FRIDAY 5/24

FLYING LOTUS, THUNDERCAT, TEEBS
(Roseland, 8 NW 6th) See My, What a Busy Week!

BLUE CRANES, BILLYGOAT, GOLDEN RETRIEVER
(Mississippi Studios, 3939 N Mississippi) Read our article on Blue Cranes.

HOLY GHOST!, CLASSIXX
(Doug Fir, 830 E Burnside) Gap is selling neon jeans, so it's official: '80s synth nostalgia has officially hit epidemic proportions (blame fluoride). Holy Ghost! got in on the action early and have helped to propel neo-synth pop to its current heights. With connections ranging from DFA and Moby to Michael McDonald, Holy Ghost! have had an easy road to fame. As much of a production force as a pop duo, Alex Frankel and Nick Millhiser seem to spend most of their time doing remixes for big names like MGMT and LCD Soundsystem. This might be their biggest strength. Their self-titled debut, with its accessibility and ebullience, became an immediate club staple, but just a few years later, with the benefit of hindsight and Flume, I find myself wishing it was a bit less faithful to the '80s and slightly more innovative. RW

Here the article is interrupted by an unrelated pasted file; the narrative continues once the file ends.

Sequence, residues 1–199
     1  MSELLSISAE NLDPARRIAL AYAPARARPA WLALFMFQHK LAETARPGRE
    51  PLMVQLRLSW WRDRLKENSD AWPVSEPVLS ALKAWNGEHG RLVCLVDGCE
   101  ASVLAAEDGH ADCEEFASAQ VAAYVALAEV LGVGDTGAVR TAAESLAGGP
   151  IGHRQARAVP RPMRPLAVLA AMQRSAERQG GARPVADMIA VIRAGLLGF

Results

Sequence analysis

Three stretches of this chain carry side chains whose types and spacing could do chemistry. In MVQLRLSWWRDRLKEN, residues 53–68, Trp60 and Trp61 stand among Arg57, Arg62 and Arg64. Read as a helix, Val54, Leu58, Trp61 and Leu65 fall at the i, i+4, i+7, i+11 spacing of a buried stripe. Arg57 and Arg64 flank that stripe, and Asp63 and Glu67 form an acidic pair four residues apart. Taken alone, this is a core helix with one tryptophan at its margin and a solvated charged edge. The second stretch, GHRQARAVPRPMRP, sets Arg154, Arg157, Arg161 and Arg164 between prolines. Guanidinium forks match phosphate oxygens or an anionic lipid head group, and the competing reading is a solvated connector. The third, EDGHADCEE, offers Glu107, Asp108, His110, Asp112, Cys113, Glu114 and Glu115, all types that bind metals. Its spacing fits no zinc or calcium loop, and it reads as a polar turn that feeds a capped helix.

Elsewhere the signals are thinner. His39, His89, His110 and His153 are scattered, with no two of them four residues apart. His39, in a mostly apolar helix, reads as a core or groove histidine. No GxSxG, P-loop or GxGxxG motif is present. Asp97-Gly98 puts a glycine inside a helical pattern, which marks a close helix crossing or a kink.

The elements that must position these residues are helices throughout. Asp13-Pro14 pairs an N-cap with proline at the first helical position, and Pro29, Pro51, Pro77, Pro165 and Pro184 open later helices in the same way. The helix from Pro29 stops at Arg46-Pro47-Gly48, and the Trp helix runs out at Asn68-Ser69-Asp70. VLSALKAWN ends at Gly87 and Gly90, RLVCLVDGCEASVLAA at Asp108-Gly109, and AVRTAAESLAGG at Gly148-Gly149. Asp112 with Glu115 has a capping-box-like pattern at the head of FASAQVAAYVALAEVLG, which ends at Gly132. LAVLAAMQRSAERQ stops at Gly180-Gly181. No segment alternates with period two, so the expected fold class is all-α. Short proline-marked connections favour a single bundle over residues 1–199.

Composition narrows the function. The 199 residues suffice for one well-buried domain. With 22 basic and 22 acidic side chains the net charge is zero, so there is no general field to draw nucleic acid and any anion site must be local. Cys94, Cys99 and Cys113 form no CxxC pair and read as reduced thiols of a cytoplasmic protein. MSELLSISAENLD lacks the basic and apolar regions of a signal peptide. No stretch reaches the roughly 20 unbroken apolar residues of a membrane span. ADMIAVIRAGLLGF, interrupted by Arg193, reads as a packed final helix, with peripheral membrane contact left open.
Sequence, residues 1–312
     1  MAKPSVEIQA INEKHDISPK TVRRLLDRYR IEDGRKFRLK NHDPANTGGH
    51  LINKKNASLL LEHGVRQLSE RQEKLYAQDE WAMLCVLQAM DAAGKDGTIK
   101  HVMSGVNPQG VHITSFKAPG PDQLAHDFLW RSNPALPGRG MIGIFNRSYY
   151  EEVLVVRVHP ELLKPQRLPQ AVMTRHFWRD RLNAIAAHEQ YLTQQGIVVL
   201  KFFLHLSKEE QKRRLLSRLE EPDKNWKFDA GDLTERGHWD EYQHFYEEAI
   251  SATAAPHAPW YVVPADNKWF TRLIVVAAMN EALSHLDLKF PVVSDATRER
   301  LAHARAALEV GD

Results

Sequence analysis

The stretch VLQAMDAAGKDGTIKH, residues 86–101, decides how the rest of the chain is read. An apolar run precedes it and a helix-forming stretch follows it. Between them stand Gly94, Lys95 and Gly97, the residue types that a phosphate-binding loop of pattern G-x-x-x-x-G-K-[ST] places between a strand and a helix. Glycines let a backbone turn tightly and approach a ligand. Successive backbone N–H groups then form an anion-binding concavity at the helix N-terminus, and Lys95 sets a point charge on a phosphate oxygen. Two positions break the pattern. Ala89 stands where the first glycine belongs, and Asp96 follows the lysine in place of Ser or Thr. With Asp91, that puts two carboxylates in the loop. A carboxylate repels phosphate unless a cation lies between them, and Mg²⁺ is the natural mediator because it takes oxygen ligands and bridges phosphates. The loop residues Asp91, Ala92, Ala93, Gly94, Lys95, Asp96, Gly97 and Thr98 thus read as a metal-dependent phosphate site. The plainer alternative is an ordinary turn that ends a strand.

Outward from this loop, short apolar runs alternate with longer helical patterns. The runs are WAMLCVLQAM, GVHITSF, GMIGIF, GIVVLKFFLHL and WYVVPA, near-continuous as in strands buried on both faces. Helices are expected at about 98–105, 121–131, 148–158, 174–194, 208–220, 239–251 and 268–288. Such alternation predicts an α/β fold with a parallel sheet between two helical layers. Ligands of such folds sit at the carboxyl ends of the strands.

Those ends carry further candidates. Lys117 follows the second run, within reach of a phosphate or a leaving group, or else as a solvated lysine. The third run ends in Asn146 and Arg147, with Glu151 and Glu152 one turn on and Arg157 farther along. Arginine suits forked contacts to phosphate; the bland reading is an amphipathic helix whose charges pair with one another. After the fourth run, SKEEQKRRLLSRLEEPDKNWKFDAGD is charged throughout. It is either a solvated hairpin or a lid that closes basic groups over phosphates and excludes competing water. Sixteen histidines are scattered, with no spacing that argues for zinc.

DANNY BROWN, OVERDOZ, TxE
(Hawthorne Theatre, 1507 SE César E. Chávez) Danny Brown is a proud member of the newest generation of hiphop, a student of the genre who grew up listening to his parents' golden-era records and has since transmuted that history into a new thing entirely. Equally influenced by Bay Area street legend E-40 and left-field eccentrics MF Doom and Dizzee Rascal, Brown looks the part, with a David Bowie-inspired haircut and a funky thrift-store wardrobe which famously caused 50 Cent to reject him from the G-Unit family. It's telling that Brown once remarked that getting Aesop Rock's cosign on Twitter humbled him more than if Jay-Z had done the same. Local trio TxE recently did get the Jay-Z cosign on Hova's blog, which featured producer G_Force's remix of the Radiation City song "Zombies," with bars from Tope and Epp. RYAN FEIGH

KEEP YOUR FORK, THERE'S PIE